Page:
Adelle Frank Drupal, genealogy, accessibility, and religion archives geek in Atlanta, Georgia


Copyright's Digital Dilemma Today: Fair Use or Unfair Constraints? Part 2

Abstract: Strickland explores the parameters of fair use in copyright law as of late 2003, including the DCMA, Teach Act, and various relevant legal cases and state statutes.

Protecting User Privacy in the Age of Digital Libraries

Abstract: Coombs highlights 3 areas of privacy libraries need to pay attention to and then details the 5 steps she took to safeguard users' privacy in her library.

Diversity: the research and the lack of progress

Abstract: Winston reviews the literature on diversity research, including what contributes to the success of diversity programs, in order to understand why there has been only limited progress in meeting diversity goals.

Best Practices for Managing Organizational Diversity

Abstract: Arguing that well-managed diversity in an organization can create a competitive advantage, Kreitz reviews both the best practices and the broader literature about managing diversity in the workplace. Her goal is to create a “practical primer on diversity management for library leaders and human resource managers.”

Getting Two for the Price of One: Accessibility and Usability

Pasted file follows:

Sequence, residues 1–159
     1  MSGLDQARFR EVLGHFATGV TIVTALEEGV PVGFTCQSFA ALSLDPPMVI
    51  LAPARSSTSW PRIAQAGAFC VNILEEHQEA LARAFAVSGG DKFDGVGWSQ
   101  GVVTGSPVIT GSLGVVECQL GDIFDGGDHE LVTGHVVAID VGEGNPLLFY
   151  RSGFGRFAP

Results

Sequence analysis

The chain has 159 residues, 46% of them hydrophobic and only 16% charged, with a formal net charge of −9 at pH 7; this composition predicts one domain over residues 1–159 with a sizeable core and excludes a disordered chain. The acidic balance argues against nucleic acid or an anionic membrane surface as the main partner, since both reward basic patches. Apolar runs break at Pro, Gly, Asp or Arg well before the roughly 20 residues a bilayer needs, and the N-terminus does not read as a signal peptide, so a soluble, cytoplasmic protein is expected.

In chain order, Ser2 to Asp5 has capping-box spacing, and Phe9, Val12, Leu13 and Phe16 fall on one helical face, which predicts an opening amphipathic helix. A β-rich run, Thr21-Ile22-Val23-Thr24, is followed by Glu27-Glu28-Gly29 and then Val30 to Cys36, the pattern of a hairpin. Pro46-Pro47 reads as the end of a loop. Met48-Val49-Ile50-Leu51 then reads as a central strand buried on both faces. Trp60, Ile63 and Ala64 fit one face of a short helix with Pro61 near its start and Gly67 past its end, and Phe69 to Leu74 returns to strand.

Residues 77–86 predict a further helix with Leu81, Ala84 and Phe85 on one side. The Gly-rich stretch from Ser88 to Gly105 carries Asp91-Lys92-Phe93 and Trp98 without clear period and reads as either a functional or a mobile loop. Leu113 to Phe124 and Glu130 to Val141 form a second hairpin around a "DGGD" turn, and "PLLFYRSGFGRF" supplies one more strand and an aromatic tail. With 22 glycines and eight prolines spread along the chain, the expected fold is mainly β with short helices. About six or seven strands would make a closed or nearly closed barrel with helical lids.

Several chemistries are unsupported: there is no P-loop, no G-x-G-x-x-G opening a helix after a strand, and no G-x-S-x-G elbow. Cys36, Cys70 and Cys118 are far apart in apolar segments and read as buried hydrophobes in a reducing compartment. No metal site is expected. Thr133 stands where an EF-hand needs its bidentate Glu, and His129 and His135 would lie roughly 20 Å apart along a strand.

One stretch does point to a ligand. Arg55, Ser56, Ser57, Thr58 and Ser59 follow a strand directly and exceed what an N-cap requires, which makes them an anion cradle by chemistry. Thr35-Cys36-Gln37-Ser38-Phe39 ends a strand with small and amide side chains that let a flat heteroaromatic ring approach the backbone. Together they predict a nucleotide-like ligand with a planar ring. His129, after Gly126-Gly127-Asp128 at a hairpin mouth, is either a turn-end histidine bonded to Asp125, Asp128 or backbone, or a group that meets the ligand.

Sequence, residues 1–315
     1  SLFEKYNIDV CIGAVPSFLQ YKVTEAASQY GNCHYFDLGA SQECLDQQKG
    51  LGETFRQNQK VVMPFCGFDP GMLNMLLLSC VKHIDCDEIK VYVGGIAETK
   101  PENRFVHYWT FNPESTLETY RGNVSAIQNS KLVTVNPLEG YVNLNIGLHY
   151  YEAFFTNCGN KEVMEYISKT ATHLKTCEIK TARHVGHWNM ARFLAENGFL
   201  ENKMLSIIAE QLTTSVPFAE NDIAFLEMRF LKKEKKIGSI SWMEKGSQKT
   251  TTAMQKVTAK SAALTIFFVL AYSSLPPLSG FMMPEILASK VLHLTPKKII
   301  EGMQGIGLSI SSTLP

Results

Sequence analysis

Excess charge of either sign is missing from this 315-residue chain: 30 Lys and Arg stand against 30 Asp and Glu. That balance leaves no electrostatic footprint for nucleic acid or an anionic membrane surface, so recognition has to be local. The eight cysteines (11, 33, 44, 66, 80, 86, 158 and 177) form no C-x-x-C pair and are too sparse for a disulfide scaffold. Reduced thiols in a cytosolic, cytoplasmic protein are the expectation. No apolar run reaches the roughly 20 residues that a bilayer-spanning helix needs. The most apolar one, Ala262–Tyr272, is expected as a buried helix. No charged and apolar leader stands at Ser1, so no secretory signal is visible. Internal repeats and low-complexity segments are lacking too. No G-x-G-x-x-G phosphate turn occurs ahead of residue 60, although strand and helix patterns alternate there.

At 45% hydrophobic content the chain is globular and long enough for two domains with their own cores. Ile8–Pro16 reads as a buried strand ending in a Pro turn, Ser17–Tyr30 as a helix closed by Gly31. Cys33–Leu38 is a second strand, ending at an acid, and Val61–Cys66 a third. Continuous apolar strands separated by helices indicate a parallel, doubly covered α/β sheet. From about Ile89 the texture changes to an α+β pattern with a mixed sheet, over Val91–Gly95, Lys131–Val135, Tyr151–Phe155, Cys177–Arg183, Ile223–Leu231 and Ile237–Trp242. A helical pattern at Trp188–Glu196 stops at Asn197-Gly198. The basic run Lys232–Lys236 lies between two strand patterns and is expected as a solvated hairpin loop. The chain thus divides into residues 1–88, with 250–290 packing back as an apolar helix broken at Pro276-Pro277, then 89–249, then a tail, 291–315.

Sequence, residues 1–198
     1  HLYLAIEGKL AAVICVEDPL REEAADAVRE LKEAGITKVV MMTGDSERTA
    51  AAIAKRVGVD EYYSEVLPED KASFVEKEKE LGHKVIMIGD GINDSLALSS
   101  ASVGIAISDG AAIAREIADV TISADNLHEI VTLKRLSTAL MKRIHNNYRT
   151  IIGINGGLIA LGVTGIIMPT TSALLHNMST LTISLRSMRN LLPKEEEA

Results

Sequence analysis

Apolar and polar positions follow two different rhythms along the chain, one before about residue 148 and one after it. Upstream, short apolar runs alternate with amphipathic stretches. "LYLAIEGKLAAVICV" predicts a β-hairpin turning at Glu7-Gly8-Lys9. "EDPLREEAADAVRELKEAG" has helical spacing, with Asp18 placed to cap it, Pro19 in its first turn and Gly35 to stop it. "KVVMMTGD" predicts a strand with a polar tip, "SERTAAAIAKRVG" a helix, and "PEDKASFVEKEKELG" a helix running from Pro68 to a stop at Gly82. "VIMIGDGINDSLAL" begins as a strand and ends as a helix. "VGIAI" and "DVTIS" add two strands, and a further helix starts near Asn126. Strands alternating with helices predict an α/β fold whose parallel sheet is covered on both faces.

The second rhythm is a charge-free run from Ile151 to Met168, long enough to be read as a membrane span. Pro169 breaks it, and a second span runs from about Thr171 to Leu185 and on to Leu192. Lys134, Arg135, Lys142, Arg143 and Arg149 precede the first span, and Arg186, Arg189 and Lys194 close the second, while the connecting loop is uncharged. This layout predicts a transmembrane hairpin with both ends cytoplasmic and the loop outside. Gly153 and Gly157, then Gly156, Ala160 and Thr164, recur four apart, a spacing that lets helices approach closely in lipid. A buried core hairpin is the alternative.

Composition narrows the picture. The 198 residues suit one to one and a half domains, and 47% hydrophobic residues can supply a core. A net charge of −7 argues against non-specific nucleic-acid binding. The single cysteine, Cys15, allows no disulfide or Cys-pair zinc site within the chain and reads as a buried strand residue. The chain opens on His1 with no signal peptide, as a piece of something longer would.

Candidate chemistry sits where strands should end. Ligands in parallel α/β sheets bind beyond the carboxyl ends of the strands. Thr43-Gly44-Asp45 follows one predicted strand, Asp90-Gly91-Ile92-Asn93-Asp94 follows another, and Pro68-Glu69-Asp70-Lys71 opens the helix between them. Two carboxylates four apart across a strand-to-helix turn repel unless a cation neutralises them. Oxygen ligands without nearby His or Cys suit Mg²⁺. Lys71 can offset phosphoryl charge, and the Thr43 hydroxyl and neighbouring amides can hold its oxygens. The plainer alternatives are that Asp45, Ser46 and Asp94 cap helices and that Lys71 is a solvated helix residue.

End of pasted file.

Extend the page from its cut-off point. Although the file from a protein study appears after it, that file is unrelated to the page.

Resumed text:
Abstract: Kirkpatrick argues that, when you design a web site for accessibility, you also “increase the usability of that site for everyone.” Giving best practices examples of accessible web coding, she shows how these also benefit non-disabled users.

Usability and Accessibility

Abstract:  To ensure that library web sites exhibit usability, Dowling delineates three categories of usability guidelines and eight steps that create accessibility.

Users' information behaviour - a gender perspective

Abstract: Steinerová & Šušol (2007) use gender difference, an admittedly problematic social construction, as a nonetheless helpful lens through which to frame information behavior.

Human information behavior: Integrating diverse approaches and information use

Abstract: Spink and Cole (2006) survey the main research on human information behaviors – delineating three interdisciplinary approaches – problem solving, ELIS (everyday life information seeking), and foraging – proposing that a fourth – information use with modular cognitive architecture – may also be gleaned from the literature, and then attempting to construct an integrated approach from the comparison of those four approaches.

A nonlinear model of information-seeking behavior

Abstract: In contrast to discipline-specific, stage-based models of information behavior, Foster (2004) interviews interdisciplinary information seekers, and proposes a non-linear and cyclical model. His model describes three core processes and three levels of contextual interaction that are dynamic, shifting, and without an inherent sequence of occurrence.

Toward a model of the everyday life information needs of urban teenagers, part 1: Theoretical model

Abstract: After a brief literature review of research on ELIS (everyday life information-seeking) and on adolescent information behavior, Agosto and Hughes-Hassell (2006) present the results of their qualitative research gathered from twenty-seven urban teenagers.